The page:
· DANIDA Project

· Tax breaks for reforestation, Panama
· Tax-exempt forestry bond
· Environmental Protection Rank Poland

· IFC Biodiversity Enterprise Fund
· Fund for Sustainable Enterprises

The fund is a good example of a sector-defining fund in that it is helping institutional investors, who do not generally invest in forestry in emerging markets, to become familiar with and invest in a new market opportunity. Furthermore, even though the fund is investing in a new area with new risk, many of the structures and features of the fund will be familiar to an institutional investor, so there is less perceived risk.

There is potential to extend many aspects of the Xylem model to sustainable forest management on a wider scale; however, when considering such an extension, one should be sure to recognize several important limitations. First, while Xylem does specify that investments are made in companies managing forests on the basis of a sustainable yield plan, it is unclear as to exactly what this means (i.e. how far towards overall sustainability the sustained yield is) and how rigorously such a plan is implemented. Second, this may not be a feasible approach in developing countries where there is no stock market.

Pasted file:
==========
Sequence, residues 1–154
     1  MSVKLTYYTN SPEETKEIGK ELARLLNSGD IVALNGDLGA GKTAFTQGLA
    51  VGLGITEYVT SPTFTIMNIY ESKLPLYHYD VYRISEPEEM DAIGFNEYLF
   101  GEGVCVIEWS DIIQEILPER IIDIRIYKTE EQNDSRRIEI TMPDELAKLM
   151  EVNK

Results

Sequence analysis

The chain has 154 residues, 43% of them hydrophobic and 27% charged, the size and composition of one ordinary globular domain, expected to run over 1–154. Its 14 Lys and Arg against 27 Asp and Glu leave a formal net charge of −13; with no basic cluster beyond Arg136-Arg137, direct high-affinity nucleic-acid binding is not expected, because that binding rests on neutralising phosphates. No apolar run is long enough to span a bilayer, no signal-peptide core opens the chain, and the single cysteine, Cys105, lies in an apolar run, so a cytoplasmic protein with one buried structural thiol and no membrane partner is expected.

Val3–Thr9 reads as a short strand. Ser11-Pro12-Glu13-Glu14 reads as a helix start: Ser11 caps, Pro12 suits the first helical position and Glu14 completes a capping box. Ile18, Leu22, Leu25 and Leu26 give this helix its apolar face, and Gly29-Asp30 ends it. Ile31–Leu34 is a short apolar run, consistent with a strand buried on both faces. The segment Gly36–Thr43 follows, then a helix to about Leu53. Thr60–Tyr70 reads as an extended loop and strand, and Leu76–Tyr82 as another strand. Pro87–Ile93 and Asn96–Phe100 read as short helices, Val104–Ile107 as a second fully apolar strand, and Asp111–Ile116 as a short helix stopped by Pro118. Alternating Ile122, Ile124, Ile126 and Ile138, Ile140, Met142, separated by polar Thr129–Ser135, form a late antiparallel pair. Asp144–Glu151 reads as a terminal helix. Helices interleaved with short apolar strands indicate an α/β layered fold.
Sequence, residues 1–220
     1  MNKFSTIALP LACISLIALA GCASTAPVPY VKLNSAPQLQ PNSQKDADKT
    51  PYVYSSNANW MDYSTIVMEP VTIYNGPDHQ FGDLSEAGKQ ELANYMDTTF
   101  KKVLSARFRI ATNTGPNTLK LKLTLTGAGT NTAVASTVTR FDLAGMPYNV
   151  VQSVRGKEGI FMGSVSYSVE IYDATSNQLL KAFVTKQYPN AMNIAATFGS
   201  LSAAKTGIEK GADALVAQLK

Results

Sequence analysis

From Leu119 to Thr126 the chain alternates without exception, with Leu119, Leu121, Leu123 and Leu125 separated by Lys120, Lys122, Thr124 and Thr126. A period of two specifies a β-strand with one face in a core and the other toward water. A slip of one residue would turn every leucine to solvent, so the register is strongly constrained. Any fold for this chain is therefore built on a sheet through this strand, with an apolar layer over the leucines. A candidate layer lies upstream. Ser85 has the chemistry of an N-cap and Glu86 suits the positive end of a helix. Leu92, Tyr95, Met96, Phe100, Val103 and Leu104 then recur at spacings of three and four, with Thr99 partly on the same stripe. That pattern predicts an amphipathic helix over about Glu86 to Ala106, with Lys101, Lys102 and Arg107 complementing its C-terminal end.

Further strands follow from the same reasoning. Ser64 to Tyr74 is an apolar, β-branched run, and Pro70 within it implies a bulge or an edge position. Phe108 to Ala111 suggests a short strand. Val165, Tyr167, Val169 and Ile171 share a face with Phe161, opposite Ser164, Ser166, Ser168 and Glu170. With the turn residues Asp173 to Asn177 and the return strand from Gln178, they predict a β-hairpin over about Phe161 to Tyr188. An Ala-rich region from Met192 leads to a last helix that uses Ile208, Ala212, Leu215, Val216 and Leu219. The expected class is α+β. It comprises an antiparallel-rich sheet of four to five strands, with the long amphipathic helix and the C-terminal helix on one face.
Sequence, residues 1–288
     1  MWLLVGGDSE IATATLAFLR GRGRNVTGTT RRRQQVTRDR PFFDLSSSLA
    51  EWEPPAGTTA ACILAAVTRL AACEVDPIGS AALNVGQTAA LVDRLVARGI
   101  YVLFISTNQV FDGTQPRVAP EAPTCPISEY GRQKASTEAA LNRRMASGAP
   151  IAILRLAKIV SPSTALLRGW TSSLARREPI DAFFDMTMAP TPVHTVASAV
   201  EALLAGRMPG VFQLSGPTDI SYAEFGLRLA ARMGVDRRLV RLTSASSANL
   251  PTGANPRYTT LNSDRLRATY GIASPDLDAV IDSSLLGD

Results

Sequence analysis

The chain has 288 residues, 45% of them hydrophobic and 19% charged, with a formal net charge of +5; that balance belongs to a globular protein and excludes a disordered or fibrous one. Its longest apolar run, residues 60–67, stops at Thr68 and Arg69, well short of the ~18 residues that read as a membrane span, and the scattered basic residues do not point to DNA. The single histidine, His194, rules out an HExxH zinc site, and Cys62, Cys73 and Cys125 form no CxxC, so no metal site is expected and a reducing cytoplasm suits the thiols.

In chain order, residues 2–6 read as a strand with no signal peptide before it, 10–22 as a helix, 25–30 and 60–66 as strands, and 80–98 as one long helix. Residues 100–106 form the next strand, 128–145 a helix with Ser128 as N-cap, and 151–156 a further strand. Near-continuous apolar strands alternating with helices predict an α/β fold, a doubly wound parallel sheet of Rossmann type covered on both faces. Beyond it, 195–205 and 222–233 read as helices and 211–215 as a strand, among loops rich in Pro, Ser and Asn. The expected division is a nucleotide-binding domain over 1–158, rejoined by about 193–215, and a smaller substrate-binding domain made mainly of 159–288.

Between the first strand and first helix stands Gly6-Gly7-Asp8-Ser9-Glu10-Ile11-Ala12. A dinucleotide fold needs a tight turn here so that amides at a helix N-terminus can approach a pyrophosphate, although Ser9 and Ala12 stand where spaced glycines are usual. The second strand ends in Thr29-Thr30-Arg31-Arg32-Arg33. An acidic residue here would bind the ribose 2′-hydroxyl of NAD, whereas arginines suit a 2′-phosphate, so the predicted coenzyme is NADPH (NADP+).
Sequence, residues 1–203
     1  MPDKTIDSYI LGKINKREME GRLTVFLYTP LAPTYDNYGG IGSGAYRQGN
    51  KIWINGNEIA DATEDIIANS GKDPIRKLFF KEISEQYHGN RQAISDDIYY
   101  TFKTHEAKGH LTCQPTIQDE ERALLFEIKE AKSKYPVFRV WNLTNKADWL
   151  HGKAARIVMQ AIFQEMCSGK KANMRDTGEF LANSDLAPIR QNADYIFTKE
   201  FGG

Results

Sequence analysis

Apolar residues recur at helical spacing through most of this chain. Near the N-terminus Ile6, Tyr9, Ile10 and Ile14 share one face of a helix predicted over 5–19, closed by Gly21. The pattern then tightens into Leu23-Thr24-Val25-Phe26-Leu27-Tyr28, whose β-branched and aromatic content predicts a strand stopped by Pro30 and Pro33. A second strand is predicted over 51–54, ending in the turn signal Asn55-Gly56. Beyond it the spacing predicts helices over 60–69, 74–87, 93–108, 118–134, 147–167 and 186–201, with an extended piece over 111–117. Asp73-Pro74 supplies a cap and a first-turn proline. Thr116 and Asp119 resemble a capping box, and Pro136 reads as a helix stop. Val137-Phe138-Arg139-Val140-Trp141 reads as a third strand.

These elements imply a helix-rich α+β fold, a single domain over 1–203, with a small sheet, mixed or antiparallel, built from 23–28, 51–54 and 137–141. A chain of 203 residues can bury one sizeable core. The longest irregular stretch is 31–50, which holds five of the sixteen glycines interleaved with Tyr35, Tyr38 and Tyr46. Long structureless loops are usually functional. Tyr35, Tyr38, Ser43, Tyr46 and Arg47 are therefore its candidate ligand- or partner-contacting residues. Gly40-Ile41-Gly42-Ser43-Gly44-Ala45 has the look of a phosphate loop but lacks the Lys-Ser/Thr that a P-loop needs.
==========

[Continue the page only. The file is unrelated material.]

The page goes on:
The Forestland Group (TFG) is a second example of a dedicated sector-specific fund focused on forestry. Unlike Xylem, a central aspect of TFG is that it focuses on natural forest lands which are, or can be, managed in very long-rotation sustainable harvesting regimes. TFG's investment strategy focuses on natural and regenerated hardwood and pine forests, believed to be undervalued emphasizing properties where biological growth can result in dramatic increases in value as timber moves into higher product classes.

TFG represents a good model to copy to developing country markets. However, it is noteworthy that in order to market itself successfully, the fund had to downplay many of its environmental attributes and emphasize returns and profitability. For example, originally the management company was called Heartland Group, but this was perceived as too "green" and was renamed The Forestland Group.

Private financing from domestic sources